Book review / Voluptuary and pervert dies the death of a dog

The Architect of Desire by Suzannah Lessard, Weidenfeld, pounds 18.99
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Suzannah Lessard's great-grandfather, Stanford White, was the most flamboyant partner of McKim, Mead and White, architects to the plutocracy during New York's "Gilded Age". A figure of boundless energy and appetites, White lived in enormous style and ran up even more enormous debts. By 1906 his health and finances were equally depleted, and although only 53, he would probably have died soon of natural causes had not a millionaire called Harry K Thaw shot him dead at Madison Square Garden, a building White designed. Thaw announced he was avenging his wife, a young woman called Evelyn Nesbit who as a 16-year-old had been drugged and seduced by the architect. Vanity Fair reported the case under the headline: "Stanford White, Voluptuary and Pervert, Dies the Death of a Dog".

Lessard grew up on the family estate designed by White on Long Island, so that although his name was rarely mentioned his presence was always felt. "In the beautiful environment of the family past," she writes, "there was a magnificent figure who had gone out of control in a way destructive to those on his course - including his family - and ultimately to himself. Behind my memories of a blissful childhood in a beautiful place, there were also destructive forces that were blind and out of control, but unacknowledged. Yet to this inner truth and all its ramifications I had no access. This was the great role of family history to me."

This is family history as catharsis. Lessard has a fascinating story to tell, and at times she does this with great skill, notably in the chapter about "The Astor Orphans", an engagingly batty clutch of aunts and uncles. If the whole book had been written with this stylish clarity it would deserve the accolades heaped upon it in America, but a sentence beginning "When I became literary ..." unwittingly signals what has gone wrong.

What becoming literary means is demonstrated by the subsequent passage, in which Lessard describes the moment in her thirties when she suddenly became aware of her beloved grandmother's mortality: "I began to harvest her presence as though it were a field of flax, and I were gathering it into baskets, retting it, combing it, spinning it, and weaving it, until I felt I had something I could hold, and take away with me, like the pillow that I was embroidering. There was safety for me within the atmosphere of serene crashing. I found grounding in that dizzying environment of orbiting things: it was safe, but it wasn't, but it was. But it was." Lessard frequently elaborates images and ideas into this sort of incantatory muzziness.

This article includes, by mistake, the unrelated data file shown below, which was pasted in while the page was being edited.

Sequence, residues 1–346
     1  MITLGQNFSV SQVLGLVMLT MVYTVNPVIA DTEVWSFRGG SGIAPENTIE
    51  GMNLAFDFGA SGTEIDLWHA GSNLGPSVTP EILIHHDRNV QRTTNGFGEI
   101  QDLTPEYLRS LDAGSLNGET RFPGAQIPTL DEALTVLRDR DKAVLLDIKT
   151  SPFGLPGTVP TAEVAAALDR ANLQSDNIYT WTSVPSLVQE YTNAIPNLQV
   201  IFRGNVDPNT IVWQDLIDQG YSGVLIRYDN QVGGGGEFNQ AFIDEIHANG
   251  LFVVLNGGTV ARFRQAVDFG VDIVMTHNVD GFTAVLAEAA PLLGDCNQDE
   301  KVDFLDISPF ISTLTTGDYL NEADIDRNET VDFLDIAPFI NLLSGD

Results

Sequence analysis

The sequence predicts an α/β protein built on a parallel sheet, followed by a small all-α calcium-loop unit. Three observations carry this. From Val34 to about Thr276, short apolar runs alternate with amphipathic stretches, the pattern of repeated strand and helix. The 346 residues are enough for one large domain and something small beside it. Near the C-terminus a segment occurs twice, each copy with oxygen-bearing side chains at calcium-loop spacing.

Her ingenious notion of relating Stanford White's architecture to his moral character is similarly spoiled by overemphasis. His remodelling of a sham Norman castle involved extensive use of "lush pink marble", a material of which Lessard became uncomfortably aware when she attended the Catholic woman's college which subsequently occupied the building. The marble "embarrassed" the students, she claims, "because it was so unrestrainedly sensuous, so soft-seeming, with an alternately swirling and mottled grain". The "voluptuary pink" of this "quasi-bordello environment" may have seemed inappropriate for nuns, but then White had designed it not for a religious order but a newspaper editor.

Lessard suggests that White's buildings "seduce", "ensnare", are "powerfully sensual": "Behind the aesthetic sophistication of a Stanford White interior is the blindly voracious, irresponsible force, both personal and that of a whole class, a whole nation out of control." You could equally well stand inside one of his buildings and primarily be aware of order and proportion. It depends what you are looking for.

Lessard reveals that she was repeatedly fondled by an uncle and that she and her sisters were molested by her father, while another family member was raped by a cousin during a party. She contends that this incidence of sexual irregularity is somehow related to Stanford White's compulsive preying on under-age women. But her father, after all, was not a White descendant, but had married into the family.

The book ends with an unusual "moment of grace", when the family silence is breached during what amounts to a group-therapy session at which Lessard and her sisters confront the past and achieve adulthood.

Mirabella magazine, to which the author is a contributing editor, said of this book that it is "so crushingly elegant that the act of reading was like running your cheek across a velvet nap". Anyone who recognises a distinction between literature and a party-frock will be less easily impressed.